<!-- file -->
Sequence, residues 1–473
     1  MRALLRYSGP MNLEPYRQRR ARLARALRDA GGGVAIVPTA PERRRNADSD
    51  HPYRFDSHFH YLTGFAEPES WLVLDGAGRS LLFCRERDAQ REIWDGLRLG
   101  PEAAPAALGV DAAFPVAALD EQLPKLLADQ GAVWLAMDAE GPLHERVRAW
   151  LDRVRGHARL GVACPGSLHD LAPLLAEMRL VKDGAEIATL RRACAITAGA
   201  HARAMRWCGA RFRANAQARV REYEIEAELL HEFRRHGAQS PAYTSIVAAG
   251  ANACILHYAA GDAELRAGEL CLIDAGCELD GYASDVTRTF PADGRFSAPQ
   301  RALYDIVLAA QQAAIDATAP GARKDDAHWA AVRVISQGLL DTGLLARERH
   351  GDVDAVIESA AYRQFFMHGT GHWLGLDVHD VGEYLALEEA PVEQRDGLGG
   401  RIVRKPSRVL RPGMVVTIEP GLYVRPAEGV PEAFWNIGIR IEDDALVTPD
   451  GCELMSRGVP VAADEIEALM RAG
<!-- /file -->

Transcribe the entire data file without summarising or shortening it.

Sequence, residues 1–473
     1  MRALLRYSGP MNLEPYRQRR ARLARALRDA GGGVAIVPTA PERRRNADSD
    51  HPYRFDSHFH YLTGFAEPES WLVLDGAGRS LLFCRERDAQ REIWDGLRLG
   101  PEAAPAALGV DAAFPVAALD EQLPKLLADQ GAVWLAMDAE GPLHERVRAW
   151  LDRVRGHARL GVACPGSLHD LAPLLAEMRL VKDGAEIATL RRACAITAGA
   201  HARAMRWCGA RFRANAQARV REYEIEAELL HEFRRHGAQS PAYTSIVAAG
   251  ANACILHYAA GDAELRAGEL CLIDAGCELD GYASDVTRTF PADGRFSAPQ
   301  RALYDIVLAA QQAAIDATAP GARKDDAHWA AVRVISQGLL DTGLLARERH
   351  GDVDAVIESA AYRQFFMHGT GHWLGLDVHD VGEYLALEEA PVEQRDGLGG
   401  RIVRKPSRVL RPGMVVTIEP GLYVRPAEGV PEAFWNIGIR IEDDALVTPD
   451  GCELMSRGVP VAADEIEALM RAG